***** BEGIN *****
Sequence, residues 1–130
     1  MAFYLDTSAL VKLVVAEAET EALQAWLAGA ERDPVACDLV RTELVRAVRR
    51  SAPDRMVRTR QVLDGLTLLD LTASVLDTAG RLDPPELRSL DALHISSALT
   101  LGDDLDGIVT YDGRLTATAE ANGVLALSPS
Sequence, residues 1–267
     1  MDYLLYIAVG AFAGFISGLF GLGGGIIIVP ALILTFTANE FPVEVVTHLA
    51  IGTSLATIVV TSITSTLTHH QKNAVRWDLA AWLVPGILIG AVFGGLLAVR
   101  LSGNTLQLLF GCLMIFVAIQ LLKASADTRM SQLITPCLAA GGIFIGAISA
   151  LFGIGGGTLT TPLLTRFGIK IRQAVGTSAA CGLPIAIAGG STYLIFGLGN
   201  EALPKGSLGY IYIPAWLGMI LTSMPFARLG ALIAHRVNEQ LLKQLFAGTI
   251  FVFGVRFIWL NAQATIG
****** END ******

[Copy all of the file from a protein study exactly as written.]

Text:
Sequence, residues 1–130
     1  MAFYLDTSAL VKLVVAEAET EALQAWLAGA ERDPVACDLV RTELVRAVRR
    51  SAPDRMVRTR QVLDGLTLLD LTASVLDTAG RLDPPELRSL DALHISSALT
   101  LGDDLDGIVT YDGRLTATAE ANGVLALSPS
Sequence, residues 1–267
     1  MDYLLYIAVG AFAGFISGLF GLGGGIIIVP ALILTFTANE FPVEVVTHLA
    51  IGTSLATIVV TSITSTLTHH QKNAVRWDLA AWLVPGILIG AVFGGLLAVR
   101  LSGNTLQLLF GCLMIFVAIQ LLKASADTRM SQLITPCLAA GGIFIGAISA
   151  LFGIGGGTLT TPLLTRFGIK IRQAVGTSAA CGLPIAIAGG STYLIFGLGN
   201  EALPKGSLGY IYIPAWLGMI LTSMPFARLG ALIAHRVNEQ LLKQLFAGTI
   251  FVFGVRFIWL NAQATIG